Why It's Just as Scary to Self-Tan

I grew up in San Diego, California, where sunburns were almost as ubiquitous for me as the sun itself. The statistic that just five sunburns double your risk of melanoma has always scared me, because I’ve had more sunburns over the course of my life than I care to count.

To be clear, I always wear sunscreen and have never been in a tanning bed, but summers of surf camp and Junior Lifeguards and laying out at the beach have taken their toll. I get full body skin cancer checks once a year, and wear moisturizer with sunscreen on my face every day, but I have wondered how the damage that’s been done compares to the damage of tanning beds, or even alternatives like lotions and spray tans. Do the chemicals in alternative methods pose any dangers of their own?

Here’s a rundown of the health risks of a multitude of tanning methods.

Tanning outdoors

Light from the sun, or ultraviolet radiation (UVR) has been categorized as a Group 1 carcinogen by the World Health Organization. According to a review of tanning methods published in the Journal of Clinical and Aesthetic Dermatology in February 2015, "In addition to skin cancer, UVR is also responsible for premature aging, photodamage, fine lines, wrinkles, lax skin, and brown spots." To avoid skin damage, the American Academy of Dermatology recommends using water resistant sunscreen that offers broad-spectrum protection and an SPF of 30 or greater, and reapplying every two hours, or after swimming or sweating heavily.

It’s true that the Vitamin D present in sunlight can have health benefits, especially in colder weather when seasonal affective disorder is more common (research has found that an hour walk outside in the morning is enough to decrease the stress hormone cortisol).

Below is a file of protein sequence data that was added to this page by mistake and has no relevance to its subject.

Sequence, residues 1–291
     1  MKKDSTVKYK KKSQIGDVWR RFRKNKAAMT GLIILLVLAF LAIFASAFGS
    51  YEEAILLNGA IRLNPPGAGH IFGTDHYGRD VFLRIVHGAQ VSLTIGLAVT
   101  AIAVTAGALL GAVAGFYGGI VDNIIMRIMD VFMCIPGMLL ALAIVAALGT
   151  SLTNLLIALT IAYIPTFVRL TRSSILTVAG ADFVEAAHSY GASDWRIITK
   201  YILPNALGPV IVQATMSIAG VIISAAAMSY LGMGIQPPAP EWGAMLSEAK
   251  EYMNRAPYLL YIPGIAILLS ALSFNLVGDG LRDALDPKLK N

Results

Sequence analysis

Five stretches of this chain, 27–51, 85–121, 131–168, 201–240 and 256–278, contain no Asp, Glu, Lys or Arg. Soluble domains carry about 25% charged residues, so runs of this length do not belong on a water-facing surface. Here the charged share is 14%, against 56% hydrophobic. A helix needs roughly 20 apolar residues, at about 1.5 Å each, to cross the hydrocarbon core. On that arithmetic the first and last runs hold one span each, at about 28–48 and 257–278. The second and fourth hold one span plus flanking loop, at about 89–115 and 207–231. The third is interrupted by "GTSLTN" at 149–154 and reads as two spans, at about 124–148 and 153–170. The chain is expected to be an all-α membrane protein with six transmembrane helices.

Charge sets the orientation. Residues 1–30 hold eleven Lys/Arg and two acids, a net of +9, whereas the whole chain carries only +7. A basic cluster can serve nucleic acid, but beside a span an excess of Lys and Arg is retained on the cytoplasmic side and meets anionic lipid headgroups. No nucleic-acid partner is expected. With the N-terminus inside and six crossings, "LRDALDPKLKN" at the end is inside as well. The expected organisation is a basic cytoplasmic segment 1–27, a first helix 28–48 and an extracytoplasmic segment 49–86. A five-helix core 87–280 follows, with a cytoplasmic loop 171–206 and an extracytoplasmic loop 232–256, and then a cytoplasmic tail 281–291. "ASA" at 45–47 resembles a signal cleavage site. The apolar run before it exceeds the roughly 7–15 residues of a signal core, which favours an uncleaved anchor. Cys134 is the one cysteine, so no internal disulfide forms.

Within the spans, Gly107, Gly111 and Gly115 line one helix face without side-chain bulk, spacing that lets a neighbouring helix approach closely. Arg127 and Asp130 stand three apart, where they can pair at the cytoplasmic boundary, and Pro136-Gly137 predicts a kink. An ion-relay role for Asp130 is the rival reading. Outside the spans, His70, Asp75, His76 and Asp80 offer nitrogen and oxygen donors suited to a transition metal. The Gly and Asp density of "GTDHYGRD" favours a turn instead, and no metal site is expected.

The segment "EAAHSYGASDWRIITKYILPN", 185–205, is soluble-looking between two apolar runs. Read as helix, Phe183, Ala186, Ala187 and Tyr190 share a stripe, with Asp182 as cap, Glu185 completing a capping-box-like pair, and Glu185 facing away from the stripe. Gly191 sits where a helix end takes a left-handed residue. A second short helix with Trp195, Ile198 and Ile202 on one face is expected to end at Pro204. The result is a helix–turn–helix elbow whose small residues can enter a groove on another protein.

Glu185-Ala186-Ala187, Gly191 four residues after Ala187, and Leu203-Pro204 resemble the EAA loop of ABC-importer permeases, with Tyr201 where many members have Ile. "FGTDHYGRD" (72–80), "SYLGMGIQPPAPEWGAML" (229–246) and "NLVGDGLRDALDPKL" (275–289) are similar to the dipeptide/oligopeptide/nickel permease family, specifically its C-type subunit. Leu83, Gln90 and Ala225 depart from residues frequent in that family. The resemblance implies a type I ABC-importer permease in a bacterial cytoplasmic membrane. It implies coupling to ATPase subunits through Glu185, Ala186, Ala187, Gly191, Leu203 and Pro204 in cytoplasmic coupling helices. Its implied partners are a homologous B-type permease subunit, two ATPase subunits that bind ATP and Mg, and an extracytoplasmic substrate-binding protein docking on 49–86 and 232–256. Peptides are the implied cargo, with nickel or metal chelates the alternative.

However, oftentimes experts recommend avoiding the sun altogether to avoid harmful rays, which I’ve always found somewhat impractical. If you are going to be at the beach or pool in the middle of the day, in addition to applying sunscreen early and often enough, wearing a hat and bringing an umbrella can help protect from sun damage.

Tanning beds

A 2009 study found that college students are well aware of the dangers of tanning beds, yet many young adults continue to use them regardless. The United States Food and Drug Administration (FDA) strongly recommends that minors under 18 avoid tanning beds. In 2011, California became the first state to ban tanning beds for minors under 18. Tanning beds have been classified as a Class II medical device and are required to include labeling that identifies the risks of skin cancer.

A 2014 study reported that 35 percent of American adults and 59 percent of college students have used a tanning bed in their lifetime. Annually, over 400,000 cases of skin cancer are linked to indoor tanning. Tanning beds, which use man-made UVR light, can increase an individual’s risk of developing melanoma by 20 percent after just one session.



Tanning lotions

Tanning lotions use dihydroxyacetone, or DHA, a sugar molecule from plants that reacts with the top layer of the skin to produce pigment. DHA appears in tanning lotions in concentrations typically ranging from three to five percent. DHA has not been proven to be dangerous unless ingested, so should be kept away from the eyes and mouth. Tanning lotions take around two to four hours to take effect, and may continue to work for up to 72 hours. Tans last three to seven days with normal skin exfoliation, and less time with scrubbing or “prolonged water submersion.”